In their latest surprise move of the offseason, the Mets signed Kevin Pillar to a one year, $5 million deal on Monday. After signing Albert Almora last week, it seemed like the backup OF spot on the bench was pretty set. Apparently not, as Pillar now sits behind the starting trio of Brandon Nimmo, Michael Conforto, and Dominic Smith on the outfield depth chart.
The 32-year old Pillar isn’t quite the player he was with the Blue Jays in the late 2010’s. While he once was one of the most incredible outfielders in baseball (enjoy this compilation from a couple years back), he’s now much closer to league average - slightly above in 2019, slightly below in 2020 per Statcast’s OAA. Assuming that 2020’s numbers are more do to with sample size and not indicative of a continued decline, he’s still a perfectly viable option in center and a plus in a corner. Offensively, Pillar has significant platoon splits, with an 80 wRC+ against righties but a much playable 107 wRC+ against lefties. He also brings some over-the-fence pop and the occasional steal to the table.
Is that a starting caliber player? Not on a team that fancies itself a top-tier contender, no. However, a defensively competent lefty thumper is arguably the perfect foil for the Mets defensively limited, left-hand-heavy outfield mix. Pillar could start in center against lefties, pushing any one of the three starters to the bench (whoever needs a day off) while also serving as a late-inning defensive replacement in center or left. It’s a fit that, retrospectively, seems too obvious to not have happened.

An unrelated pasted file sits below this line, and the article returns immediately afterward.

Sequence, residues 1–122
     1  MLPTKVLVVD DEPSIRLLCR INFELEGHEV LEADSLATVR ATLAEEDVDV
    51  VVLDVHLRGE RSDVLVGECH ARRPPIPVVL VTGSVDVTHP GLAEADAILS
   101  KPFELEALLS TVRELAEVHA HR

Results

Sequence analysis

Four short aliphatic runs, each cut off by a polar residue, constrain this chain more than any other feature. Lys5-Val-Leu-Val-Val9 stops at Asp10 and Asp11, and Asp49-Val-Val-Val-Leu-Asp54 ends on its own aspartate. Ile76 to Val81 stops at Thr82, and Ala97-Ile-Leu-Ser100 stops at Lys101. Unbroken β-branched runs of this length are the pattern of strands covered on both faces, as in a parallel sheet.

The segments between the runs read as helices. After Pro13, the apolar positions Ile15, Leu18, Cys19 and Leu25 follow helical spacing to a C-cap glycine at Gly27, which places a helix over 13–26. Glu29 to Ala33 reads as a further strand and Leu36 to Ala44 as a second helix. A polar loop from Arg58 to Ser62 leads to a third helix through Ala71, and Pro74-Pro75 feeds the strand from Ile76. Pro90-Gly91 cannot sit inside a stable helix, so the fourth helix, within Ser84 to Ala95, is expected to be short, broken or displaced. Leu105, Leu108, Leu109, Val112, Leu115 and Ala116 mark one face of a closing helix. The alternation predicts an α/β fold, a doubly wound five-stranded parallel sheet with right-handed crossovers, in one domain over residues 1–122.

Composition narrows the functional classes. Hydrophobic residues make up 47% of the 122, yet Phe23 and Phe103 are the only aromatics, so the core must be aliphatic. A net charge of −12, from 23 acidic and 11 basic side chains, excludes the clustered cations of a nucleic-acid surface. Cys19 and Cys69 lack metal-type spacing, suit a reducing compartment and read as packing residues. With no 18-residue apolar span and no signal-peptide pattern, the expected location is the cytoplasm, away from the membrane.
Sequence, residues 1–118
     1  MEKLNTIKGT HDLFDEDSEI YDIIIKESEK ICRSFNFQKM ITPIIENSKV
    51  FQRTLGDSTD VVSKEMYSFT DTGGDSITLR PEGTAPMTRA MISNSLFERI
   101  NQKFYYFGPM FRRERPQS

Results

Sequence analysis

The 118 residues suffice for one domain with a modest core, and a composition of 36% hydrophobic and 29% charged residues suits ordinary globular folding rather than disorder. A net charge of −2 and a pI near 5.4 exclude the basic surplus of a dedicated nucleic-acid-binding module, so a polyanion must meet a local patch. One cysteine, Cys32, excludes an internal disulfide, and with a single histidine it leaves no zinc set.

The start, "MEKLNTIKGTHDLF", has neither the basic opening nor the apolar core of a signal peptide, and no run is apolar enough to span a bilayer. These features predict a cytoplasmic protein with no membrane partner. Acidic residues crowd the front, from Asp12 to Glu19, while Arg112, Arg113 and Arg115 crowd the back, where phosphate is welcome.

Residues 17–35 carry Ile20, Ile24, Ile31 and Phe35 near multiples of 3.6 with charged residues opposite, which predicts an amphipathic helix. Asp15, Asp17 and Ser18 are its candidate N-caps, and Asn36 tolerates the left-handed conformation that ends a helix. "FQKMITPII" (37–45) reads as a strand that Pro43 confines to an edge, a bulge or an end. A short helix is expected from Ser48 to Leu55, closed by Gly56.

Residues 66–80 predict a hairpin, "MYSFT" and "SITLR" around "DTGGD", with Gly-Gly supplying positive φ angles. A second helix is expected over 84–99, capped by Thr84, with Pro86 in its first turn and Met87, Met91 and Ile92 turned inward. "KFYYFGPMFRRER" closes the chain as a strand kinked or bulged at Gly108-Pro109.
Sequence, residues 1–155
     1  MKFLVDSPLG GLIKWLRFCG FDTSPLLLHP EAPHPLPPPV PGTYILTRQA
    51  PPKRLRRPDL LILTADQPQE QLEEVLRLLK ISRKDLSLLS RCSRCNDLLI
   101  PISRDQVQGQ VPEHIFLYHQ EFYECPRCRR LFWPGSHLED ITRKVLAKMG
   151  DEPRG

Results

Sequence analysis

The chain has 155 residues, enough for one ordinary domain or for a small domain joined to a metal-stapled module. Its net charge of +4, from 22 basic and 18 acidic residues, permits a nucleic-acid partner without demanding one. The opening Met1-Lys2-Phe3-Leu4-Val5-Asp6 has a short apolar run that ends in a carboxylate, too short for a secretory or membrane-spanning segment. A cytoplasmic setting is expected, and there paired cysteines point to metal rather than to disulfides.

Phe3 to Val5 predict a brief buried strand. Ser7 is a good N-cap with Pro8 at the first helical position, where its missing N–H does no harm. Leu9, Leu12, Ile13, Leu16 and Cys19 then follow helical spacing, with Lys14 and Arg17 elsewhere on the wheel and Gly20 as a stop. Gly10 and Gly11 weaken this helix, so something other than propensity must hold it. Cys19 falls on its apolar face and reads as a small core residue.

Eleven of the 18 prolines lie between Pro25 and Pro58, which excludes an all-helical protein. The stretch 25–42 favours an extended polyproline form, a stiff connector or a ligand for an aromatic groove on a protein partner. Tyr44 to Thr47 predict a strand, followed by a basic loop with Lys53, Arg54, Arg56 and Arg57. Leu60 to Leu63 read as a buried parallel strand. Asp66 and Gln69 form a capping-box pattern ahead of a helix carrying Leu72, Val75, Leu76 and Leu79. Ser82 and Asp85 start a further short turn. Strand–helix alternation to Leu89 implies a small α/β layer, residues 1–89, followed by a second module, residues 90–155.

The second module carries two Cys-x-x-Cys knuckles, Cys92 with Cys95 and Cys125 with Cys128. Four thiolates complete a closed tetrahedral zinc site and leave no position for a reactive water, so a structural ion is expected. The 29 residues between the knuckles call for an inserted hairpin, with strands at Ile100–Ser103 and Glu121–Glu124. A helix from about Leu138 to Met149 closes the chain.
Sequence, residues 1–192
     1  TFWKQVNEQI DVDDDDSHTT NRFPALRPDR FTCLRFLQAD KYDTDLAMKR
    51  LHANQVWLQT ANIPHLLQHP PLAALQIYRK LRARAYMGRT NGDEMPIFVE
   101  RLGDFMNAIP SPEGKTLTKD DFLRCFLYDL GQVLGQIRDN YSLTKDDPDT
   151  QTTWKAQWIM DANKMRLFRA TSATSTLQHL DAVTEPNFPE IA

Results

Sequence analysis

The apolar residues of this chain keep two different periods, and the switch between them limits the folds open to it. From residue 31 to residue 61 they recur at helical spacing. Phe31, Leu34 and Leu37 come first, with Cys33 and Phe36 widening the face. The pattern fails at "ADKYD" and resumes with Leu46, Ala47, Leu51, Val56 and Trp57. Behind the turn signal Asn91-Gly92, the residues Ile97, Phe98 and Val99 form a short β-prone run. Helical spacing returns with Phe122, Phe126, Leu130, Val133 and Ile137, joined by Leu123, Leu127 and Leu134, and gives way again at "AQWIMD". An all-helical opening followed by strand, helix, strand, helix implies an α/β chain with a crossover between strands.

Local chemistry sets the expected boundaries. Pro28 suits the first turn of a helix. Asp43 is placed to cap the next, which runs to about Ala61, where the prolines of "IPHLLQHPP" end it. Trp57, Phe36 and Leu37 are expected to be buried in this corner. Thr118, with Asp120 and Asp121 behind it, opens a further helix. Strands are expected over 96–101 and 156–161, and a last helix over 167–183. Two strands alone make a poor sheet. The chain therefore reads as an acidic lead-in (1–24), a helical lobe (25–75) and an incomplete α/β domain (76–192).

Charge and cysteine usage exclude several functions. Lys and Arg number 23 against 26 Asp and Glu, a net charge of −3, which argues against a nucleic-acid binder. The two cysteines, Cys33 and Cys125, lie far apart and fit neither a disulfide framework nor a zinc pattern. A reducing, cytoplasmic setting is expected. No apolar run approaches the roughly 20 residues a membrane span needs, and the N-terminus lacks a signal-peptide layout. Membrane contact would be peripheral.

As for the overall outfield picture, Pillar makes sense even next to Almora. Had Pillar been the only addition, the one “real” center fielder on the roster would be 32 with declining metrics, and an injury or continued decline could’ve left the Mets in a bind. Instead, the Mets built functional depth by adding two reserve outfielders who are defensively capable up the middle. The Almora signing remains flawed, but adding two reserves in this role is a sound roster strategy regardless. It’s also worth noting that Almora still has an option remaining, should the Mets choose to go with a more offensively-inclined bench to start the season.
The details of Pillar’s contract merit some additional discussion. It’s a complicated deal - one year, $3.6 million with a $2.9 million player option (no buyout) and a $6.4 million club option (with a $1.4 million buyout) - which just arrives back to one year, $5 million in a roundabout way. It does, however, lessen Pillar’s CBT hit by $1.4 million. With the Mets more than $20 million shy of the tax, that seems like a superfluous benefit, but it could portend a significant addition or perhaps a couple of mid-tier signings before the start of the season.
What ultimately becomes of that extra room is a discussion more appropriate for the final grade of the offseason. Focusing on Pillar in a vacuum, the Mets added a cromulent bench outfielder that fits their needs perfectly at a very reasonable price. This deal earns a B+.